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Guerrilla Marketing: Buzz Over Budget

By Samarth Jani

Over the years, there has been a shift in the way media is presented to the public. Whether it be a new movie, television series or just advertising for a company, corporations are bringing their A-game when it comes to their marketing. With the increasingly shortened and distracted attention spans of Generation Z, brands are pulling out all the stops to get some press. In trying to garner mass attention, companies have led many people to form opinions on whether this new era of marketing is innovative or a nuisance.

One of the most notable marketing campaigns to come out this year was for the movie "Smile." To summarize, Paramount Pictures bought out home plate tickets to various baseball games and sent actors to occupy these seats while sporting “unsettling” smiles and tees with the movie’s logo. The stunt gained massive media attention, resulting in many reactions of confusion and excitement. Not only towards the movie but the marketing ploy itself.

Artwork by Shadia Zayer

The infamous marketing campaign for "Smile" has garnered criticism, drawing people away from watching the movie.

This marketing tactic, known as guerilla marketing, has become a favorite amongst many corporations over the past few years. Typically, this “in your face” style of advertising is used to promote projects or businesses who are working with smaller budgets to hopefully create a bigger outcome. Interestingly, now we are seeing bigger and more financially abundant companies give guerilla marketing a try.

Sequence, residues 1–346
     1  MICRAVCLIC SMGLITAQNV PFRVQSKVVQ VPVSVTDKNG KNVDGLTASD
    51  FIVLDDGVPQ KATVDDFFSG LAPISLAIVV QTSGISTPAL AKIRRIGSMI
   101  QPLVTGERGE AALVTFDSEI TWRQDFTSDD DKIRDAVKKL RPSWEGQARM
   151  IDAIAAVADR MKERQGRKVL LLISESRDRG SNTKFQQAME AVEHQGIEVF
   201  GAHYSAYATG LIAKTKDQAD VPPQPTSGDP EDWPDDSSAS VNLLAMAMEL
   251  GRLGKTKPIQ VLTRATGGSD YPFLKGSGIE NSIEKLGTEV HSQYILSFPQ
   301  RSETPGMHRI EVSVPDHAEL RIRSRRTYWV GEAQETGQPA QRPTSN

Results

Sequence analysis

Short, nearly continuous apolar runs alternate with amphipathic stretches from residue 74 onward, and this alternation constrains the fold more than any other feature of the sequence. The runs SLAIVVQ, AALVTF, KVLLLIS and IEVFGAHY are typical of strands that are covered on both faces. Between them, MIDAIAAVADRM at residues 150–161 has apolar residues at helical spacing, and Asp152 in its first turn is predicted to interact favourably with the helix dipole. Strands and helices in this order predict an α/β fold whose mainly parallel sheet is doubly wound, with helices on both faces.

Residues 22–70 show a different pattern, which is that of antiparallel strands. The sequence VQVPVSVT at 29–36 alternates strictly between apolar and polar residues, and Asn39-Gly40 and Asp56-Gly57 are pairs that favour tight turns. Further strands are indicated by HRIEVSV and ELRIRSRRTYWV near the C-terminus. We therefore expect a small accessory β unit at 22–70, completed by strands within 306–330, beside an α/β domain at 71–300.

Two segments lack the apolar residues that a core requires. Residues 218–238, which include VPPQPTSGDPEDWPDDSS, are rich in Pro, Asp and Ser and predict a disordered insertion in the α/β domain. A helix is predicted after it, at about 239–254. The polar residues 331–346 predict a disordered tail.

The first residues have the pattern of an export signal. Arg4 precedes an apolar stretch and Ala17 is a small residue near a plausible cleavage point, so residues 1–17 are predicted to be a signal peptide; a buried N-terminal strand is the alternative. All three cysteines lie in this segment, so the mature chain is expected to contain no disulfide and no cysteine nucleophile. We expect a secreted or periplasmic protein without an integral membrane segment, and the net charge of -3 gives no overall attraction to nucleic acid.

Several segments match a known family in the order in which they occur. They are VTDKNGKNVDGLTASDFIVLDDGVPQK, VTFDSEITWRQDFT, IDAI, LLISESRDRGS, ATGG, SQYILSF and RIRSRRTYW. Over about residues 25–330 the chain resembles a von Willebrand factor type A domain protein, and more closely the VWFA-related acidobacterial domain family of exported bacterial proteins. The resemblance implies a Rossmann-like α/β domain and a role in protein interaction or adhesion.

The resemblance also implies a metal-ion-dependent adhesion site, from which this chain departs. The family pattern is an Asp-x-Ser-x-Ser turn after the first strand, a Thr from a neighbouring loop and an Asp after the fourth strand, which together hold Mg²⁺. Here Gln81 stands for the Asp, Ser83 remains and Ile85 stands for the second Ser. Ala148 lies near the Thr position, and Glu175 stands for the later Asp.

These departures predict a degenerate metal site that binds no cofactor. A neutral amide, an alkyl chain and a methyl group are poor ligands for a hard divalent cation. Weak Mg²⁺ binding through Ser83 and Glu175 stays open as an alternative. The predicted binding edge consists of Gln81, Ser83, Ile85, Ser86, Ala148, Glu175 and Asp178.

On September 30, famed Halloween retailer, Spirit Halloween, released a full-length feature film to promote their stores for the Halloween season. Starring big-name actors including Rachel Leigh Cook and Christopher Lloyd, the film garnered a huge amount of attention not only for the surprisingly star-studded cast, but the fact that a major retailer made an entire movie to promote their stores.

Although cool and exciting to see, these precedential forms of advertising bring up the question, “Is this really necessary?” Millions of dollars are poured into these elaborate campaigns even with no promise of a successful outcome. To exhaust a company’s resources and budget to make an innovative concept only to not generate the attention wanted is a very real possibility. Unclear messaging can also be a factor in a marketing campaign’s demise as it can lead to unwanted backlash and the “cancellation” of a project in the media.

On the other hand, the benefits of guerilla marketing can be incredibly fruitful if successful and done correctly. Being viral in today’s media is crucial to a successful product or project launch and the attention that guerrilla marketing can bring can make or break how lucrative something can be. Certain campaigns like these are also praised for their creativity and innovation. Utilization of different media strategies are applauded for their forward-thinking concepts.

The rise of guerilla marketing into mainstream media is a confusing but exciting one. Seeing companies think of fresh, new ways to promote something can be intriguing and sometimes even thrilling. Though there are many legitimate downsides and risks to this style of advertising, exploring the uncharted territories of marketing as well as the potential benefits of a viral campaign provide necessary reasoning and praise towards companies.

Editor's Note: For more information on this subject, please visit the article "Say Cheese!" in the Entertainment Section.


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